By David Watson
It’s common today to hear people talk about the “secular West.” “Secular,” however, may not be the best term to describe our culture. We in the West tend to be religious people, though less frequently Christian than has been the case in the past. Apart from the major world religions, there are innumerable religious practices that we call “new age,” or sometimes “occult.” From tarot cards to crystals to various forms of “mindfulness,” the religious practices of the West are increasingly both diverse and individualistic. They are customizable, like an iPhone. We can download what we want, when we want, in ways that suit our preferences.
The God of all creation, however, is not a product to be consumed, but a Lord to be worshiped. As a friend of mine likes to say, God has many enemies, but no rivals. The mandate of the church has always been to draw people into the worship of the true and living God who came to us in Jesus Christ and abides with us in the Holy Spirit. Thus, we need to be discerning in our religious practices, and we need to teach others to do the same. First John 4:1 teaches us not to believe every spirit. Rather, we are to “test the spirits to see whether they are from God” (NRSV). Do these spirits confess the incarnate God who came to us in the person of Jesus Christ? If they do not, they are not from God.
In some ways, the world of the postmodern West is like the world of the early gentile Christians. Luke recounts for us that the Athenians whom Paul visited “would spend their time in nothing but telling or hearing something new” (Acts 17:21). Paul recognizes that these people are “extremely religious… in every way.” They seek enlightenment and have perceived truth in limited ways. Yet the fullness of God’s revelation is in and through Jesus Christ–crucified, risen, and ascended. Christ is no longer here in body, but we can know him through the work of the Holy Spirit.
There are many spirits, but there is only one Holy Spirit. He is the Spirit who is sent by Christ (John 20:22). The Holy Spirit empowers the church for the work of evangelism (Acts 1:8). He cultivates within us a love of God and neighbor–even perfect love. He gives us gifts as he chooses for the building up of the church (Rom 12:6-8, 1 Cor 12:4-11). He is our Advocate (John 14:15) and teacher (John 14:26). He is the Spirit of truth (John 14:17).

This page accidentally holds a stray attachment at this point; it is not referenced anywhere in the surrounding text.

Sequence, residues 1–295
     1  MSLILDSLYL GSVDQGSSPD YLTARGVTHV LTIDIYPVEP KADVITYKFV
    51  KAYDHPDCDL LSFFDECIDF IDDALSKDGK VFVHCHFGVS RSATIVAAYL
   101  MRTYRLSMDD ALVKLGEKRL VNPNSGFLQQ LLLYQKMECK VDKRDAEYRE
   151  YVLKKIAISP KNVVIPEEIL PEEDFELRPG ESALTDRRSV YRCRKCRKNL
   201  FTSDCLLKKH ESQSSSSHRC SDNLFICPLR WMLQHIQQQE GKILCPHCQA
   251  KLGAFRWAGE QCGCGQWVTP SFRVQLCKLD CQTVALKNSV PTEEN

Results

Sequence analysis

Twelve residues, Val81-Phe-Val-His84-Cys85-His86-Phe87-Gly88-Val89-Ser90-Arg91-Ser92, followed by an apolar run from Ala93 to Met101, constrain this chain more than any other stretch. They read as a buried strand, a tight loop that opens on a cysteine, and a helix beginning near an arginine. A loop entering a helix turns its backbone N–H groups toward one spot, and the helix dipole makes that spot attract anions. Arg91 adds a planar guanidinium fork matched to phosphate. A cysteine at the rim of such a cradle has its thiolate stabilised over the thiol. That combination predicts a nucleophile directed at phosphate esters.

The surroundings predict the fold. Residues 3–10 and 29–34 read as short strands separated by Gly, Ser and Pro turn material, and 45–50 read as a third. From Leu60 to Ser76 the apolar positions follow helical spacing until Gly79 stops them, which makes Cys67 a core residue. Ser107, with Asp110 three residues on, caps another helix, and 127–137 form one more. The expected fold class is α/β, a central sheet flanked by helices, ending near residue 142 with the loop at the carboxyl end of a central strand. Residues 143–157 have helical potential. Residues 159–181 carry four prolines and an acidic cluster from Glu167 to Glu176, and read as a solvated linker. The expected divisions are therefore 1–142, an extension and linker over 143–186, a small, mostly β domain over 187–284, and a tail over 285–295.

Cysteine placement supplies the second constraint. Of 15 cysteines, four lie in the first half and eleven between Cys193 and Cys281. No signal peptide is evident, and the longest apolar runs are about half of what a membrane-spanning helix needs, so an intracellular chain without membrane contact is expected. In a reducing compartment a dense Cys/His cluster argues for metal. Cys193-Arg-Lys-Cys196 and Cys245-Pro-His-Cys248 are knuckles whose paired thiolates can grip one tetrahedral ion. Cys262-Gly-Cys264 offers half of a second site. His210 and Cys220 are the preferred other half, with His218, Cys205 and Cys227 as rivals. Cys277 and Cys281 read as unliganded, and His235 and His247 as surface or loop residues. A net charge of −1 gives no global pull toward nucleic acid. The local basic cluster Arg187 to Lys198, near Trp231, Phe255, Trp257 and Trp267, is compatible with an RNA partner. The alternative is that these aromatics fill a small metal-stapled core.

As Christians, we confess belief in the Holy Spirit, but do we trust him? What do we expect of him? If we did not believe in God, would our expectations for our lives be different? If so, how? God is not just an idea. In important ways, God is like a person, with will and agency. God believes certain things, wants certain things, and does certain things. The question for us as humans is whether our beliefs, desires, and actions are in agreement with His. Are we willing to allow this God to reshape our hearts, transform the way we live, and move with power among our communities of faith? This is spiritual Christianity: to give our whole lives to God and yield to the power and work of the Holy Spirit–and to no other.
A Suggested Pattern of Prayer
As you pray through the following prayer points, invite the presence of the Lord into your time of prayer. Each day’s prompt has a Scripture reference for you to pray through. As you pray allow time to also listen to what the Holy Spirit is saying to you. When you have prayed through the Scripture and prayer point, you may be led to add your own prayers. Pray and consider what action steps might you take in response to the Lord’s leading. Repeat this prayer pattern weekly for the month.
Daily Prayer Points
Sunday: Pray that God will give you discernment about what is from him and what is not. Pray for divine wisdom and divine leading. (1 Cor 2:12)
Monday: Ask God to show you where you have allowed idols in your life. Pray for forgiveness and ask that God will purify your heart. (1 Tim 1:5)
Tuesday: Praise and honor God through your prayer. Recommit your life to him and to the ministry of the good news of Jesus Christ. (Acts 4:29-30)
Wednesday: Give praise and thanksgiving for the presence, power, and work of the Holy Spirit. Ask to be filled anew with the Spirit and to be transformed by his grace. (2 Cor 3:17-18)
Thursday: Pray that your life will be yielded entirely to the work of the Holy Spirit, that you will be made perfect in love in this life. (Rom. 8:5-6)
Friday: Ask God to activate the gifts of the Spirit in your life from Romans 12:6-8 and 1 Corinthians 12:4-11. (1 Cor. 12:7)
Saturday: Ask God to move with power in your church. Pray that God’s work in your community of faith will exceed all expectations. (Eph. 3:20-21)
Beloved, do not believe every spirit, but test the spirits to see whether they are from God; for many false prophets have gone out into the world. (1 John 4:1)
The Rev. Dr. David Watson serves as Academic Dean and Professor of New Testament at United Theological Seminary in Dayton, Ohio. He is also the Lead Editor of Firebrand, an online magazine aimed at enlivening intellectual dialogue in various related traditions, including Methodist, Arminian, Holiness, Pentecostal, and others.
Brought to you by the International Intercessory Prayer Network